The city of Hailey has proposed a new method for funding emergency dispatch operations, but Blaine County commissioners say the new formula would result in the county's footing most of the bill.
The city of Hailey made the proposal late last month during a meeting of the Partners Advisory Committee, which consists of representatives from all the county's municipalities, in which city representatives were meant to put forth dispatch funding solutions.
The proposal would be a sharp change from the current model, in which the county pays about half the operating costs, County Commissioner Angenie McCleary said during a meeting of the county commissioners Tuesday.
The idea, McCleary said, was that Hailey wished to avoid what it sees as a double-taxation issue, in which city residents are billed twice for dispatch funding, once through county taxes and again through city taxes.
"What they're arguing is that city taxpayers are also county taxpayers," said County Administrator Derek Voss in a later interview. "As county taxpayers, they have already paid into dispatch through county property taxes."
While county residents pay all taxes directly to the county, a portion of those taxes are distributed to various taxing districts. The city of Hailey receives money from those taxes, but must turn around and give roughly $140,000 of those taxes back to the county for dispatch services.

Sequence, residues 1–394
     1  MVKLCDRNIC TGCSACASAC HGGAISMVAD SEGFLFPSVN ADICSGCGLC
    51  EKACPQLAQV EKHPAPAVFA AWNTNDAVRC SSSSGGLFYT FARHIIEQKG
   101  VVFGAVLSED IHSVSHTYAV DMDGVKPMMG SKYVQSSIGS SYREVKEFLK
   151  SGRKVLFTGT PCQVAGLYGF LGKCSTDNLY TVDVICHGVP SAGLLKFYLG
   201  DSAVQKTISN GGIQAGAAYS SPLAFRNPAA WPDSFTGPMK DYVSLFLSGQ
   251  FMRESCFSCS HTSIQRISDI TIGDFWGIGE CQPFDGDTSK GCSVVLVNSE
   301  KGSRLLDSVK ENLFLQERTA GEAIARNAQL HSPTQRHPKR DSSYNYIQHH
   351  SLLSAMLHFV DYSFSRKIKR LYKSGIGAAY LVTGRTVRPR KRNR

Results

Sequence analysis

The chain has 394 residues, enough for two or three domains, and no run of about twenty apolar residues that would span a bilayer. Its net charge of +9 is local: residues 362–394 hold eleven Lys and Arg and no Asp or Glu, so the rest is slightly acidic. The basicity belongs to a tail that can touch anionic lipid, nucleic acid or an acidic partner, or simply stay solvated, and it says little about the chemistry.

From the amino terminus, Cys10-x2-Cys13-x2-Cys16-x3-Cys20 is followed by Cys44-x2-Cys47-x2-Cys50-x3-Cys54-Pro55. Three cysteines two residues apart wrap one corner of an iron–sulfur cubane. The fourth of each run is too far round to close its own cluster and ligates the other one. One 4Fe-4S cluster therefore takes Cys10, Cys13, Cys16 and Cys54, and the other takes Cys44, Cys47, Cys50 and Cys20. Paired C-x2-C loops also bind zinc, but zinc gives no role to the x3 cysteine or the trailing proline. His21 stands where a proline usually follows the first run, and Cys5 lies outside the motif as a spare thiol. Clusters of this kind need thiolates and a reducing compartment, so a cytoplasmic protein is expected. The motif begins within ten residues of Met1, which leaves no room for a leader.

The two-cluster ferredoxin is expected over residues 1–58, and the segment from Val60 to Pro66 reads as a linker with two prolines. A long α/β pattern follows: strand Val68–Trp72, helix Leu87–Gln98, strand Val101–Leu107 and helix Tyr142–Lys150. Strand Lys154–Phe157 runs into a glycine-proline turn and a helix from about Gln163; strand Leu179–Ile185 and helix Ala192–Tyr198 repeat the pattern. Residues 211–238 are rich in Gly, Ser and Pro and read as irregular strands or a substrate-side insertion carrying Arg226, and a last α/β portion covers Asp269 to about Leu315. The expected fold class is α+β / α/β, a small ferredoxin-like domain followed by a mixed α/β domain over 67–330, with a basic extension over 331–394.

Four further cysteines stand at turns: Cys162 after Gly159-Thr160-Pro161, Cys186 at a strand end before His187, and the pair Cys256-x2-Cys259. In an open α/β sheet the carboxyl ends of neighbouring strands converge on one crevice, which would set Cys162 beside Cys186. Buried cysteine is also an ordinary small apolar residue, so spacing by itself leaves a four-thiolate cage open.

"Our argument is that that method is double taxation," Hailey City Administrator Heather Dawson said in an interview.
Under Hailey's proposal, each municipality in the county would receive a credit based on the amount of county property taxes from city residents that already go toward funding the dispatch center.
The result would be that Ketchum and Sun Valley would not pay anything for consolidated dispatch, while Hailey would pay far less than under the current model.
"The whole model has the county paying 86 percent of the operating costs," McCleary said.
County Deputy Prosecuting Attorney Tim Graves said the model was based both on the current Blaine County model and a model for funding currently being used in Gem County.
"[Hailey] combined the models to their advantage," McCleary said.
The commissioners, who also serve as the governing board for Blaine County emergency communications, said the plan was unfair to the county and undermined one of the fundamental principles of the current funding model.
"The notion is that the county pays for the first six dispatchers—the equivalent of our dispatchers taking 911 calls only," said Commissioner Tom Bowman. "The partners can decide how they want to take care of that [difference]. They can talk all day, but I'm not going to support us going beyond that."
Commissioner Larry Schoen said he felt Hailey "utterly ignored" the January recommendations of the state E-911 Commission, which ruled that the amount paid by each municipality should reflect the services provided to the cities.
"A model that has certain cities paying zero does not reflect the benefit they are receiving," McCleary said.
The Partners Advisory Committee will discuss the proposal further during a meeting today, April 4.